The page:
Tobacco has killed 6.3 million people – close to the current population of London1 – across the UK during the last half century.
The new figures – released by Cancer Research UK days before No Smoking Day (Wednesday 9 March) – come from Sir Richard Peto, Professor of Medical Statistics at the University of Oxford.
The statistics include new data on the very high death toll paid by Scotland.
The research was funded by the Medical Research Council, Cancer Research UK and the British Heart Foundation.
Between 1950 and 2000, 42 per cent of deaths in middle age (35-69) in UK men were caused by smoking, peaking in the 1960s when tobacco caused half of all deaths in middle-aged men.
Over the same time period, tobacco caused 16 per cent of deaths in middle age in UK women, peaking in the late 1980s when smoking caused about one quarter of all deaths in middle-aged women.
With respect to cancer, smoking continues to cause proportionally more cancer deaths in Scotland than in England and Wales.
Although the number of people who smoke is now decreasing north and south of the border, in the year 2000 smoking still caused 42 per cent of deaths among Scottish men from cancer, compared with 35 per cent in England and Wales. In women, smoking caused 28 per cent of deaths from cancer in Scotland, compared with 20 per cent in England and Wales.
The story is much the same for vascular diseases – in England nearly one in five premature deaths2 from heart and circulatory disease in women in 2000 were caused by smoking, but in Scotland, this figure soared to around one in three.
The new statistics also contain some good news. The proportion of deaths in middle age in UK men attributed to smoking fell from a high of 48 per cent in 1965 to 25 per cent in 2000. In women that proportion fell from a high of 24 per cent in 1990 to 21 per cent in 2000.
These numbers are still falling, chiefly because many people have stopped smoking.
Sir Richard Peto, Professor of Medical Statistics and Epidemiology at Oxford, says: “A lot of people have stopped smoking, which has led to rates of tobacco deaths falling faster in the UK than anywhere else in the world.
“The proportion of deaths in middle-aged men caused by tobacco in the UK has fallen from about half 40 years ago to approximately a quarter now. The proportion of UK middle-aged women killed by smoking has fallen from about a quarter 20 years ago to about a fifth now.”
These statistics re-emphasise the benefits of quitting. Stopping at age 50 halves risk of dying of a tobacco related disease, and stopping at 30 avoids almost all of it.
Sir Richard adds: “On average, those who continue to smoke lose 10 years of life but stopping smoking at ages 60, 50, 40 or 30 gains 3, 6, 9 or the full 10 years of life expectancy. Of those who continue to smoke, half will be killed by their habit.”
Maura Gillespie, Head of Public Affairs at the British Heart Foundation, says: “These shocking statistics illustrate the devastating impact of smoking on the lives of people across the country. Stopping smoking is the single most important thing any smoker can do to stave off heart disease and seize back years of life.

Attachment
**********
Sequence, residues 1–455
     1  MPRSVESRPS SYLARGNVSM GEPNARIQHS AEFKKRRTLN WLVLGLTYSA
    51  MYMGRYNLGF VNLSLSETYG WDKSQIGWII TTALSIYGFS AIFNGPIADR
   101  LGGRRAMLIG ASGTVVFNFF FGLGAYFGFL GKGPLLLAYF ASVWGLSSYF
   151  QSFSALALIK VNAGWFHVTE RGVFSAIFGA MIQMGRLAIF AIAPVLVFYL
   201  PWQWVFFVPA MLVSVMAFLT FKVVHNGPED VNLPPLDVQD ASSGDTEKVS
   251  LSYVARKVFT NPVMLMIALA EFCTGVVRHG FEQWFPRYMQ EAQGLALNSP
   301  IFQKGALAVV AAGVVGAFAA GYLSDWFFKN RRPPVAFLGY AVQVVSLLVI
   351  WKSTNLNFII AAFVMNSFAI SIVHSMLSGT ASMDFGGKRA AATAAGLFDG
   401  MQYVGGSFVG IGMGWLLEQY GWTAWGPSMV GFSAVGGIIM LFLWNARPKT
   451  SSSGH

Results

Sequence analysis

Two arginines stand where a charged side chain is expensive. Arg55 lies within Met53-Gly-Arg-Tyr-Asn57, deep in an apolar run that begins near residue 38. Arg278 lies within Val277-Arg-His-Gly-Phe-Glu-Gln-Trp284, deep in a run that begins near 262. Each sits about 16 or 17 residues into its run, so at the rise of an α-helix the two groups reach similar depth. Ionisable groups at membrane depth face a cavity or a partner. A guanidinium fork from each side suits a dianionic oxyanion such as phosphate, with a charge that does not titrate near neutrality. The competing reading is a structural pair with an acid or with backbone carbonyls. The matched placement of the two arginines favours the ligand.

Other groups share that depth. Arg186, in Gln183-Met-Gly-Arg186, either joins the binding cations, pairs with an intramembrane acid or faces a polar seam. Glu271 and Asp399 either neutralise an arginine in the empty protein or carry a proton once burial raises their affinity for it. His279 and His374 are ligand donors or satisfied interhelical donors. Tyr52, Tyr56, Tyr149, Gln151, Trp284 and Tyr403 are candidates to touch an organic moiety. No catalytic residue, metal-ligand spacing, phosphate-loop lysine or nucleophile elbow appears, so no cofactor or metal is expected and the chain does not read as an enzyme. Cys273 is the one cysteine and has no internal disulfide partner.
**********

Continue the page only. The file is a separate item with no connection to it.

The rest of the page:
Professor Colin Blakemore, Chief Executive of the Medical Research Council, says: “This unique study has played a crucial role in our understanding of the links between smoking, disease and prevention. It shows the value of long-term investment in clinical research to provide accurate information about health and disease prevention. With this information, people can then make positive choices to improve their health.”
Cancer Research UK’s Director of Tobacco Control, Jean King, says: “These new statistics are startling. The fact that tobacco’s death toll over the past 50 years equates to nearly the population of London is a graphic illustration of the devastation smoking causes. Smoking bereaves thousands of families every year. And it damages our economy by killing one of our greatest resources – people.
“But there is also good news. The UK has seen the world’s most dramatic decrease in tobacco deaths. In part this is due to more people wanting to quit and successfully doing so.
“Sir Richard Peto’s earlier work with Sir Richard Doll has demonstrated that quitting can greatly reduce the risk of dying from a smoking-related illness.
“Next week’s No Smoking Day gives current smokers the chance to seek support and to quit.”
In Scotland, tobacco killed 682,000 people between 1950 and 2000 – more than the current populations of Edinburgh and Aberdeen combined3.
Smoking prevalence in UK men aged 35-59 decreased from over 80 per cent in 1950 to 30 per in 2000.
In women aged 35-59, smoking prevalence decreased from a peak of 50 per cent in 1970 to 27 per cent in 2000.
The full data from this study are available from the CTSU website.
For tips and advice for anyone giving up smoking visit the No Smoking Day website or call the NHS smokers’ helpline on 0800 169 0 169 or the Quitline on 0800 00 22 00.
More than half all cases of cancer can be prevented by simple lifestyle changes according to Cancer Research UK’s Reduce the Risk campaign, which was launched in January.
Stopping smoking is top of the campaign’s priority list which also includes staying in shape, eating and drinking healthily, being sunsmart and attending for screening.